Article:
The president directed messages to non-Arab regional powers, urging them to honour the principles of good neighbourliness, respect Iraqi sovereignty and the choices made by the Iraqi people, and to refrain from any intervention in Iraqi domestic affairs whether through direct military action, support of terrorist organisations, or by using Iraq as a transit for militias and mercenaries to other countries.

Baghdad has already taken action to put an end to such phenomena, energetically promoting conflict resolution efforts. It has acted as a mediator to reduce tensions between Iran and Saudi Arabia over Yemen, and distanced itself from Iranian attempts to use Iraq to promote Tehran’s agenda in Syria.

Observers framed the tripartite mechanism that emerged from the conference — what Al-Sisi referred to as “a translation of the concept of Arab cooperation” — in terms of an Arab versus non-Arab regional dialectic. It is possible to see it within another framework: as an Arab advance into the Arab absence in Iraq.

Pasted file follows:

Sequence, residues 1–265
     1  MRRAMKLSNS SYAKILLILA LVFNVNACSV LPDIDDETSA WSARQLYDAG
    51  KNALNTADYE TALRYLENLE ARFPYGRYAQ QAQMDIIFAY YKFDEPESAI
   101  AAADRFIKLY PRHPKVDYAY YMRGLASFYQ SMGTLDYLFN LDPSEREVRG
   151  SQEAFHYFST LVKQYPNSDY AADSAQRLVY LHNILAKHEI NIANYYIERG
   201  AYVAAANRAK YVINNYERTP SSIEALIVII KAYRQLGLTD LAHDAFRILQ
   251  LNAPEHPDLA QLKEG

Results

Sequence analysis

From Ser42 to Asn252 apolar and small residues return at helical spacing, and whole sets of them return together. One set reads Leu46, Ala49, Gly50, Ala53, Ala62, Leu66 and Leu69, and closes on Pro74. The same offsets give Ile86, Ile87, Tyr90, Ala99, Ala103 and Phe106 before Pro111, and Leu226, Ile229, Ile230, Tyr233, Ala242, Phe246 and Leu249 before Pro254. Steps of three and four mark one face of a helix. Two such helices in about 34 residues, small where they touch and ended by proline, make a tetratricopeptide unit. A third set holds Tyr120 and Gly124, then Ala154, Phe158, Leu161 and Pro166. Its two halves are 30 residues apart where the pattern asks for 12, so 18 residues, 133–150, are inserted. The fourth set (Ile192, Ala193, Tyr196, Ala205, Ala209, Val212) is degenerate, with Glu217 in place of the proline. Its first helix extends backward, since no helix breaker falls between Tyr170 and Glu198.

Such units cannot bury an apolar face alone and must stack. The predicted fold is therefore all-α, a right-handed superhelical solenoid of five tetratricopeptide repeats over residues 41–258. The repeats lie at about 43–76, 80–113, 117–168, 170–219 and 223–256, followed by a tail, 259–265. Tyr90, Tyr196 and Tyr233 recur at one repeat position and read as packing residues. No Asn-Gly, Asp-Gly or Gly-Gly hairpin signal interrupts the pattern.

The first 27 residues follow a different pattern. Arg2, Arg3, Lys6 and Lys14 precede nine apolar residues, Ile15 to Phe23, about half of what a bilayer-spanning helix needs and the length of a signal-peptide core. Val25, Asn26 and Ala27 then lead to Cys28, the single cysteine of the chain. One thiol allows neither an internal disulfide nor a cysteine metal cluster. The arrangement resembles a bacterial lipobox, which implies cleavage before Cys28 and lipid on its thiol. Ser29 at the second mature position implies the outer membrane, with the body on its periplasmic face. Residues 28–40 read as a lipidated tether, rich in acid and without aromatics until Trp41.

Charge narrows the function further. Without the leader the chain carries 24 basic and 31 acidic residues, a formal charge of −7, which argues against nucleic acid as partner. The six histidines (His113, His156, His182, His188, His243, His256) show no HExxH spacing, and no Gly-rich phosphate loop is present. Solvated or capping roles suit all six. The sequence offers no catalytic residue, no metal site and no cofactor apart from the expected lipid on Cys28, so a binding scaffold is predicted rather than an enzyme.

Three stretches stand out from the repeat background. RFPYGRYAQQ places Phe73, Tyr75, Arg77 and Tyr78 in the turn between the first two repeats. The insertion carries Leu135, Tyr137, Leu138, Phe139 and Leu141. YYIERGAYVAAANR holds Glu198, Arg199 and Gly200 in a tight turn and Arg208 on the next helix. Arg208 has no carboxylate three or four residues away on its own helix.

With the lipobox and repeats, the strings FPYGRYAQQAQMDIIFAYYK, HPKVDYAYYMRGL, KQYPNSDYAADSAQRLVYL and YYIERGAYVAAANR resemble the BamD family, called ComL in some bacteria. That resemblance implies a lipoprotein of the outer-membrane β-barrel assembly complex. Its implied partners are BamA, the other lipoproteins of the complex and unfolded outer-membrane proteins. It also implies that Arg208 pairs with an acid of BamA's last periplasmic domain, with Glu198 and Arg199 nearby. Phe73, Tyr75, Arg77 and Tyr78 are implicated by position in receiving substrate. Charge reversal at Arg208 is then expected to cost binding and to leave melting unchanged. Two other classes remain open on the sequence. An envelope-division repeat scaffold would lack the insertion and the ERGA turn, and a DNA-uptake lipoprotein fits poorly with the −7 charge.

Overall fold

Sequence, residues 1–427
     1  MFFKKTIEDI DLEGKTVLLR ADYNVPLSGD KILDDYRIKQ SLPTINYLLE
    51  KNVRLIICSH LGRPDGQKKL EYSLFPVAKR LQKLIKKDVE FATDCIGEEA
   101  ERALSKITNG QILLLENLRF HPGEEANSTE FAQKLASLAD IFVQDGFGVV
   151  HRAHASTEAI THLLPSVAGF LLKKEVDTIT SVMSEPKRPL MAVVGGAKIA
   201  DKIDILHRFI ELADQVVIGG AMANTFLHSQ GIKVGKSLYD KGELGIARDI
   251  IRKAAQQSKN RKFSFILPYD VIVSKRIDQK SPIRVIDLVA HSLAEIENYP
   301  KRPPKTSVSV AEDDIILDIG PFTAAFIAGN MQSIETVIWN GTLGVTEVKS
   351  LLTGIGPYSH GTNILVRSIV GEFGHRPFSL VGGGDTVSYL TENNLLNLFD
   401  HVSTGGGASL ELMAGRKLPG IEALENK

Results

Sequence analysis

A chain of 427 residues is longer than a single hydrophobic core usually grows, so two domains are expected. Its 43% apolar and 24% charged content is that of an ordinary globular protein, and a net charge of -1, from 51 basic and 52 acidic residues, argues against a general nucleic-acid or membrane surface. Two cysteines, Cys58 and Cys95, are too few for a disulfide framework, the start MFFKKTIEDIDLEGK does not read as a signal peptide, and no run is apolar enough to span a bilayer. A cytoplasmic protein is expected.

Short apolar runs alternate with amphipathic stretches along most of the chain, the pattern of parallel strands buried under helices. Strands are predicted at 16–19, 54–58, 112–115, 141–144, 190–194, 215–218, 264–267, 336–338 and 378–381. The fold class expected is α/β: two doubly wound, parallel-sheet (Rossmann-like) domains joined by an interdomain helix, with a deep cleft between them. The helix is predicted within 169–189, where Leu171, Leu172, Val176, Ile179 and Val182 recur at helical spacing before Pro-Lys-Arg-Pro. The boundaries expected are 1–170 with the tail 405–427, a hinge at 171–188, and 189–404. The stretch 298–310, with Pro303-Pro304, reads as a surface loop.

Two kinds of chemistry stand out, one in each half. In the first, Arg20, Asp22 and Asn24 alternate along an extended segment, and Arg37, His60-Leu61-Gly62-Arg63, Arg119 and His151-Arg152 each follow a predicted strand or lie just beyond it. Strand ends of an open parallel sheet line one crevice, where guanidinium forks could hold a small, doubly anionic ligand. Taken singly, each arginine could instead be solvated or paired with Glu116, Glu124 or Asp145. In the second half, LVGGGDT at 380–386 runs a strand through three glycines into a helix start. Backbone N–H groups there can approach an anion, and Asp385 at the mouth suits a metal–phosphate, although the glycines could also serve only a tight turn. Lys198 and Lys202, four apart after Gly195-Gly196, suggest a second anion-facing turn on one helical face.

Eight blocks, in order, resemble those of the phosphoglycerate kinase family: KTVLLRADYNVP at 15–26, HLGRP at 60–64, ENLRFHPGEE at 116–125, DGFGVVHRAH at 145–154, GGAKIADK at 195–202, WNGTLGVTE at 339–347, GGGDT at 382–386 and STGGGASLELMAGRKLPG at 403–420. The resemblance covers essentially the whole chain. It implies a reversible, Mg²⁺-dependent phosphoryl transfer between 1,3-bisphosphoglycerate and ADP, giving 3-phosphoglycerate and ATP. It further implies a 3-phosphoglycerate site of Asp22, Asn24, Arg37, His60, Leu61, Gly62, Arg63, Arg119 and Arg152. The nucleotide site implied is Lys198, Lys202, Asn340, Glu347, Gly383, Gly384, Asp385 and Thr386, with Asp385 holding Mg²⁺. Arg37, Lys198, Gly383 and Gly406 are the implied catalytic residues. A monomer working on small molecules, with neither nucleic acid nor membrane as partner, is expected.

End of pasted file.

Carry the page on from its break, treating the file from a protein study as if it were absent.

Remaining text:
The new mechanism includes 15 agreements covering energy, agriculture, and other crucial economic areas.

That Egypt fully supports the Iraqi government was conveyed by the high-level Egyptian presence at the conference. President Al-Sisi lauded Iraqi Prime Minister Mustafa Al-Kadhimi’s political, security and economic reform efforts. Iraq has achieved qualitative progress under Al-Kadhimi, despite many obstacles at home and abroad, a fact that presents Iraq with an opportunity and a challenge. Despite the government’s strengthening of state institutions, economic reform, fight against corruption and reordering of foreign policy priorities, it remains an interim government tasked with preparing for elections on 10 October.